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Fusiform Rust Resistance of Select Loblolly Pine Seedlots in the Laboratory, Nursery, and Field

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Twenty-three seedlots exhibited consistency in relative resistance to fusiform rust whether testing was in the Resistance Screening Center, nursery, or in long-term field tests. Results indicate that family screening for rust resistance can be conducted on one-year-old trees at less cost, and perhaps more accurately, than that of long-term field testing. In a nursery where some seedlings were left unprotected from infection while others were chemically protected, both lots were culled to produce rust-free seedlings for field planting. After four years both protected and unprotected trees had the same level of infection. As nursery screening of moderately infected trees does not significantly increase field resistance of the remaining noninfected trees, we suggest that nursery seedlings be chemically protected.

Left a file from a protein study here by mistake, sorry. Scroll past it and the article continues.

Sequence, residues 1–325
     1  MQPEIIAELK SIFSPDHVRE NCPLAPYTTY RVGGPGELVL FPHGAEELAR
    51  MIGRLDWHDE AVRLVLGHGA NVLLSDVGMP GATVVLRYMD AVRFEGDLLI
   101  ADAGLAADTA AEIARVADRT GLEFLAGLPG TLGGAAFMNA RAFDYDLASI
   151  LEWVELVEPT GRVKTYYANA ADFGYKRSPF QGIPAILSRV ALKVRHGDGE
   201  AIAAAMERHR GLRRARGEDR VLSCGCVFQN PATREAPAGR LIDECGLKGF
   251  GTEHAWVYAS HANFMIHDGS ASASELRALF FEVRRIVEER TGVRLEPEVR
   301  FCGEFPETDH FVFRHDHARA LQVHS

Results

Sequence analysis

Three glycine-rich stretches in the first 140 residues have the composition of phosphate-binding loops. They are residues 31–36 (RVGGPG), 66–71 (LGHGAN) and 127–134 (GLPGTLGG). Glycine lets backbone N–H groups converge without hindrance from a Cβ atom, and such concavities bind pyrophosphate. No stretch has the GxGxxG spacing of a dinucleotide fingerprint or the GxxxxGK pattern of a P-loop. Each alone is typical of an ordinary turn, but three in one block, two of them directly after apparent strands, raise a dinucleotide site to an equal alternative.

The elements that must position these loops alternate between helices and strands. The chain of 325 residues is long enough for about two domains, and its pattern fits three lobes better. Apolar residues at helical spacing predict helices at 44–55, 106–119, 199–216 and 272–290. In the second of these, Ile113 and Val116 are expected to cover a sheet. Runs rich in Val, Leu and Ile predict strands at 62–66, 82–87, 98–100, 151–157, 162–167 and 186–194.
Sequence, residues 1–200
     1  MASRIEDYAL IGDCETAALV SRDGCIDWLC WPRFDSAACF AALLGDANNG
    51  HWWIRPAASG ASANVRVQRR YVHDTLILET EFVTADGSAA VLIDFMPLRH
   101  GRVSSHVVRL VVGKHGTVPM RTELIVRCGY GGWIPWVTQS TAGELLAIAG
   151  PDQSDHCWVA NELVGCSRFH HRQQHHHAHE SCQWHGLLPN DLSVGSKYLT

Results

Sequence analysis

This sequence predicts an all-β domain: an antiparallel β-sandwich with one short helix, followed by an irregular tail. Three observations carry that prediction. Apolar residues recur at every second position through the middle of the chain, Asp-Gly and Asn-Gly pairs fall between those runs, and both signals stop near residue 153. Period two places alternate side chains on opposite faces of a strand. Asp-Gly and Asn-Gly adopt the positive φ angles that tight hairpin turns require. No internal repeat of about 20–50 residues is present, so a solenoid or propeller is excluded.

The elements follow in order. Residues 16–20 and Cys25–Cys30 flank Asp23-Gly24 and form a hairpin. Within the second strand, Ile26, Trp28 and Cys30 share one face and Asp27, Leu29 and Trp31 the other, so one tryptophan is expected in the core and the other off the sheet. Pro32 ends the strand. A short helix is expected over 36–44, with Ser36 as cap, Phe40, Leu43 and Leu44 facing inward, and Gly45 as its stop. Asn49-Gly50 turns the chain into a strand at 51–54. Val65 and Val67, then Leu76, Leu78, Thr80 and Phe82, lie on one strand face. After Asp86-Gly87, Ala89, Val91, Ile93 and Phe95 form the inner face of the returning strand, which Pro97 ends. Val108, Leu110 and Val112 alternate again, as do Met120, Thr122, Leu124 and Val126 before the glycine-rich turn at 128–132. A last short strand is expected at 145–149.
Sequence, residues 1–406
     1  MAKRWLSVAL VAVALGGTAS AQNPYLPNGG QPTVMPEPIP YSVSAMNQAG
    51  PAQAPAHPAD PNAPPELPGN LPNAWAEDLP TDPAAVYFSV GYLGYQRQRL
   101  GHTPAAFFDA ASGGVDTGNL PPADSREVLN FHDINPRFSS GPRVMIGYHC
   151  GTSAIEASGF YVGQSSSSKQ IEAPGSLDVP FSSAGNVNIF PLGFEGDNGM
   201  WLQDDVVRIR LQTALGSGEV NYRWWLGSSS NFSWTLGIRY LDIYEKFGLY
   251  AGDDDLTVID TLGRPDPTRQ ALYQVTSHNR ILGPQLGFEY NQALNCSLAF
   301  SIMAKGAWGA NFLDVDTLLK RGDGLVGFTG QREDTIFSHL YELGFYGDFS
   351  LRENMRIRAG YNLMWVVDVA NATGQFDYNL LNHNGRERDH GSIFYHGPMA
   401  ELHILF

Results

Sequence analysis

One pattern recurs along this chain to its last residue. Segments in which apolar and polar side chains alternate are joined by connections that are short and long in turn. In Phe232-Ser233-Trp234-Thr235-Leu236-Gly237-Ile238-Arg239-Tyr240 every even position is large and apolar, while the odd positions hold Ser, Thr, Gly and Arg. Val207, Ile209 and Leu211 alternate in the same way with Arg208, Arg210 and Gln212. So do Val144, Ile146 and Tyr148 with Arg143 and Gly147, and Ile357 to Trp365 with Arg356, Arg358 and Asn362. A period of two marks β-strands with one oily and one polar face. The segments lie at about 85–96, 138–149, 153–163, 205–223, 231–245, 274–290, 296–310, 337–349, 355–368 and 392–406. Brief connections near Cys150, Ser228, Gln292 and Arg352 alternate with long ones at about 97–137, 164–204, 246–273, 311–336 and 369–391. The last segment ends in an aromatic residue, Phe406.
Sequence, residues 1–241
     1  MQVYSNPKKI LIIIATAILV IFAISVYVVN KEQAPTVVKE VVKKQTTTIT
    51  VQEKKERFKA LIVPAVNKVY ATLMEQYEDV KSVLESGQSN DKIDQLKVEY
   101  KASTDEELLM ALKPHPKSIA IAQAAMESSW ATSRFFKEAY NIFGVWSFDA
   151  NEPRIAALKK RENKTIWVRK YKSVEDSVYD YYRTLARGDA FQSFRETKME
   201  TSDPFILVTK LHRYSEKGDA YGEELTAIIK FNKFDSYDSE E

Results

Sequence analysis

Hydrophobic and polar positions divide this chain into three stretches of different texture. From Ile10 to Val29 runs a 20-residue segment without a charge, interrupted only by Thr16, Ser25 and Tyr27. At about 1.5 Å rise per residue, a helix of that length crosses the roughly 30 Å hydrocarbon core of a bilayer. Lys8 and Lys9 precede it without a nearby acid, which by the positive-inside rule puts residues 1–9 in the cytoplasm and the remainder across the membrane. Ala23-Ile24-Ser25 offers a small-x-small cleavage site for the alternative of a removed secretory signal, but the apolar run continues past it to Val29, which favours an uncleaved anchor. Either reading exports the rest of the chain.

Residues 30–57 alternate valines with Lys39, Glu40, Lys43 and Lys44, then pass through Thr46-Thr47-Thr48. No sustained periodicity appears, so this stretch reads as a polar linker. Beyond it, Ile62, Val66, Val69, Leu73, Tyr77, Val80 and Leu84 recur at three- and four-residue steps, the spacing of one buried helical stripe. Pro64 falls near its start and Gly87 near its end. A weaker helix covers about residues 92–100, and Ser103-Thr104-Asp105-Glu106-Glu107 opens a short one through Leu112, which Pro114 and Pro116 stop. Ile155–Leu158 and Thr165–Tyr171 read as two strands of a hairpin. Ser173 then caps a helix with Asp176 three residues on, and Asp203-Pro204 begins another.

Document Type: Journal Article

Affiliations: Geneticist, Weyerhaeuser Company, Hot Springs, Arkansas 71901

Publication date: 1983-11-01

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  • Each regional journal of applied forestry focuses on research, practice, and techniques targeted to foresters and allied professionals in specific regions of the United States and Canada. The Southern Journal of Applied Forestry covers an area from Virginia and Kentucky south to as far west as Oklahoma and east Texas.
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